Can you believe what we’ve accomplished together? As I step down from my service, I want to capture the current image of Arts Enter Cape Charles as it stands now. A few highlights linger in my mind as I reflect upon the last 18 years:
- An elegant, fully restored theatre with $600,000 worth of renovations;
- A splendid Steinway grand piano obtained through a $53,000 grant from the Sloan Foundation;
- Fully restored original murals, historical masterpieces, now preserved in the Palace Theatre auditorium made possible by the Irene Leache Foundation;
- The Stage Door Gallery, a professional arts gallery promoting over 60 local and Virginia artists and artisans, installing rotating exhibitions and launching the Plein Air Cape Charles competition and sale;
- A brimming costume room promising total transformation;
- A production history that includes 60 plays, 35 dansicals, and 15 musicals;
- Original plays written and produced for the Northampton Chamber of Commerce, local schools, regional retirement homes, and the local community, including the sold-out epic story of the Eastern Shore, the original Piece of Eden.
- A multitude of concerts and festivals that included artists from down the street to New York to Taiwan: The New Orleans Preservation Hall, famous country stars including Darryl Singeltary and The Kinley Sisters, Masters of Mexican Music, Sam Dorsey’s Big Band, the Tamburitzans, Dance Theatre of Harlem, The Richmond Ballet, The Virginia Symphony, The Cashore Marionettes, and the David Leonhart Jazz Band;
- A partnership with the Virginia Arts Festival for several consecutive years, linking Cape Charles to Hampton Roads as a satellite arts destination;
- Over $1,000,000 raised since 1997 to support the arts;
- Prestigious grants from the National Endowment for the Arts, Virginia Commission for the Arts, United Way, and over 30 other foundations, entities and private sponsors;
- The Leave No Child Behind grant, awarded to Arts Enter for six consecutive years, enabling hundreds of public school students to receive daily after school arts education;
- A full visual and performing arts curriculuum provided for the Cape Charles Christian School;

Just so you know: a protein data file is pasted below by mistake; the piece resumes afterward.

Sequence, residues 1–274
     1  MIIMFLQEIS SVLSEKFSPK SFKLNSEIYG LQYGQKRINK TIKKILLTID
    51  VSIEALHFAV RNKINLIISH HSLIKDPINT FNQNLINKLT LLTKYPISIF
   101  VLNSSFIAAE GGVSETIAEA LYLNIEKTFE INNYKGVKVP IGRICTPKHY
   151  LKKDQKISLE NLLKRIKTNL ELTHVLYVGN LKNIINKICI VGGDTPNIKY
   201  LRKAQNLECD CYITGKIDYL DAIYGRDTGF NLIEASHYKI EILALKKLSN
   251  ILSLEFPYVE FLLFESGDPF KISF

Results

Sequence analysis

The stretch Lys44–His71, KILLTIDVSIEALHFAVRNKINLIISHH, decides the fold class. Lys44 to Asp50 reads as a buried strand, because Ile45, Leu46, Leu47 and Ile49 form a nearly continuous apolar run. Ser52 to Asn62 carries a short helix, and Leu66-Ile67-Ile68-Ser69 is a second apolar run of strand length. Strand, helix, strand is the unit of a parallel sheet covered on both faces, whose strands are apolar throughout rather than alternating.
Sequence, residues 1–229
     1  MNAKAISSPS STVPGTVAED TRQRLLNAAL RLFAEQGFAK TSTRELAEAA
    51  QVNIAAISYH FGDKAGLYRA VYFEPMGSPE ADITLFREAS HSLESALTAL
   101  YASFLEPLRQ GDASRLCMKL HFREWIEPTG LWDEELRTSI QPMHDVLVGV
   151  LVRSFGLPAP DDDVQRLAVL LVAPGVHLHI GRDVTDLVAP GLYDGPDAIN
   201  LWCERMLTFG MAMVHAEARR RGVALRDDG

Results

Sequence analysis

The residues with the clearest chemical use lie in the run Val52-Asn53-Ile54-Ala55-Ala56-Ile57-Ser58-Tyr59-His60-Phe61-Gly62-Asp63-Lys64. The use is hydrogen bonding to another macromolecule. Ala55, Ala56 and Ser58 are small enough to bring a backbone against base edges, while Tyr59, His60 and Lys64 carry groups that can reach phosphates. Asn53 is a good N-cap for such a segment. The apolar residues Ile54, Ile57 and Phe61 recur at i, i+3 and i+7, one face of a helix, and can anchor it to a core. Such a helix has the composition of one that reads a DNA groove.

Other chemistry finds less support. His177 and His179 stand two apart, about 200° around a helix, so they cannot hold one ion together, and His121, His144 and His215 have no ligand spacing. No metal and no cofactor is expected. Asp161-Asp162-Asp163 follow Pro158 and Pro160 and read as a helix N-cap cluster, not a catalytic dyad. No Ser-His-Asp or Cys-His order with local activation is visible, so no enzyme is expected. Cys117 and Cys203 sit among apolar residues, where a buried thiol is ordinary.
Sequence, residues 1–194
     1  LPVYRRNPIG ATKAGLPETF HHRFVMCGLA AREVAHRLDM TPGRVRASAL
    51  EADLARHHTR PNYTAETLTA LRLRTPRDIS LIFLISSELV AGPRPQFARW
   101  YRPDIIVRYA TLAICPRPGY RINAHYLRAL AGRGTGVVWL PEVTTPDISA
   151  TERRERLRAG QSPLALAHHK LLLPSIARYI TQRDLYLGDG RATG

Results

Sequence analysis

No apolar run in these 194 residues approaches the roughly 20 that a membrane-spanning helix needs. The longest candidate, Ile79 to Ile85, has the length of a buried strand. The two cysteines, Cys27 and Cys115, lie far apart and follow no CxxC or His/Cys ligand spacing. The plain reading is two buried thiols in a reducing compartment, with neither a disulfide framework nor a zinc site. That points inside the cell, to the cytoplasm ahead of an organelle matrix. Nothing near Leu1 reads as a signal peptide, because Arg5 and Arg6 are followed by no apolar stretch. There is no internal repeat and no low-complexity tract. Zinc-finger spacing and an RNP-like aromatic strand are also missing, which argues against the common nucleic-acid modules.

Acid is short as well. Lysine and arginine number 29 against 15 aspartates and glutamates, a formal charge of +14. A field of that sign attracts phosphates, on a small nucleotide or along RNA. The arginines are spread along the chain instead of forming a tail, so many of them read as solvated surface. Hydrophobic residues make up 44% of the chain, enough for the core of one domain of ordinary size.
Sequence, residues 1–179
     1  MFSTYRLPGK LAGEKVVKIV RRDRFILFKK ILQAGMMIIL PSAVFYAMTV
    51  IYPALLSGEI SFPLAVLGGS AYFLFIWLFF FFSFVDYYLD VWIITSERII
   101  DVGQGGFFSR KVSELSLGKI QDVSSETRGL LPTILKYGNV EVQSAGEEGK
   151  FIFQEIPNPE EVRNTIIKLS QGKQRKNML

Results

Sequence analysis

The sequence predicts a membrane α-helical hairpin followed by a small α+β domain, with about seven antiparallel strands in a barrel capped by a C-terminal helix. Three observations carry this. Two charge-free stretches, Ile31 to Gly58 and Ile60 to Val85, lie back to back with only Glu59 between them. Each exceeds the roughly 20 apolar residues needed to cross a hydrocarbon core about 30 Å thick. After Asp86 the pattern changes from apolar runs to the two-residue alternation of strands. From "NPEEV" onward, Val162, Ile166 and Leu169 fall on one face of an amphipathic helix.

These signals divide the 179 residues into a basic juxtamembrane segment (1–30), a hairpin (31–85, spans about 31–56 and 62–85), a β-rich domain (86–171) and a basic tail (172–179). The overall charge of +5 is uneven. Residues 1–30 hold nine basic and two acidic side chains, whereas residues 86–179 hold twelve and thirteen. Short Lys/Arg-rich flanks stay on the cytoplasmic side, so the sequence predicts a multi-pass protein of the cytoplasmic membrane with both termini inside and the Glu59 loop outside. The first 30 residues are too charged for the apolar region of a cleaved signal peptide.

- Eighteen years of dance, piano, violin, vocal, acting, and visual arts lessons for people of all ages;
- Numerous workshops including increasingly successful children’s summer camps in musical theatre and art, with five scheduled for 2015;
- Eighteen years celebrating and funding Arts Enter through the Benefit by the Bay, our successful, anticipated, and well-loved annual fundraiser, held for the first 10 years at the Sheppard/Cardano home, followed by many scenic spots including Mariah’s, Bay Creek Golf Course, and Bayshore Concrete;
- A long list of fundraisers include the popular Ladies Luncheons, Masquerade Balls, Goblins and Grub, Cream of the Crop dinner and auction, vintage film screenings, book signings and readings;
- Ten professional playbills to raise funds and promote the activities of our organization;
- “A Theatre Lives” publication, courtesy of a Virginia Foundation for the Humanities Grant;
- Town, county, regional, state, national, and international partnerships, contacts, and networks;
- Development of Cape Charles as a Harbor for the Arts, a town that is embracing the arts as part of its identity;
- Support and involvement from town residents, the Chamber of Commerce, the Cape Charles Bed and Breakfast Association, and others, who have shared their southern hospitality with artists from around the world;
- The Harbor for the Arts Festival, a two-week celebration held in 2013 and 2014, bringing the streets alive with the arts and promoting tourism, economic growth, and cultural development in Cape Charles;
- Experimental Film Virginia, a core part of Harbor for the Arts, promoting Cape Charles as an international stage and capturing our community’s unique beauty through the art of filmmakers and dancers from New York, Lebanon, Israel, Italy, Korea, and Hong Kong;
- International screenings of films made at Experimental Film Virginia;
- Six hundred people dancing the night away at the Bayamo Party at Cape Charles Yacht Center, as a culmination of Harbor for the Arts and Experimental Film Virginia;
- Memories of magical events such as Art in a Barn, which inspired many to state, “I’ve never seen anything like it before — even in New York!”
Today, after 18 years of pro-bono service, I can step down — but not out — knowing that the Arts Enter I founded exists today with the potential to attract an incumbent executive director who perceives our organization as a unique opportunity, a place that stands on its own two feet. When this happens, my service will have come full circle.
I remain a board member ad infinitum and I shall continue to serve as a supporter, plunging into an occasional stage production (can’t live without theatre, this has not changed!).
The Japanese artists Eiko and Koma said that the end of one artistic project is the beginning of the next. I hold on to this poetic truth as I concentrate on my own artistic journey, painting, traveling, and supporting blossoming fledgling projects such as Experimental Film Virginia and, most importantly, being there for my expanding, beloved family.
I close a personal chapter to a universal book that continues to be written by my fellow supporters of the arts. Arts Enter is just one dream of many in the arts, one that I am grateful to have embraced.
Thank you for inspiring me.
Yours in art,
CLELIA CARDANO SHEPPARD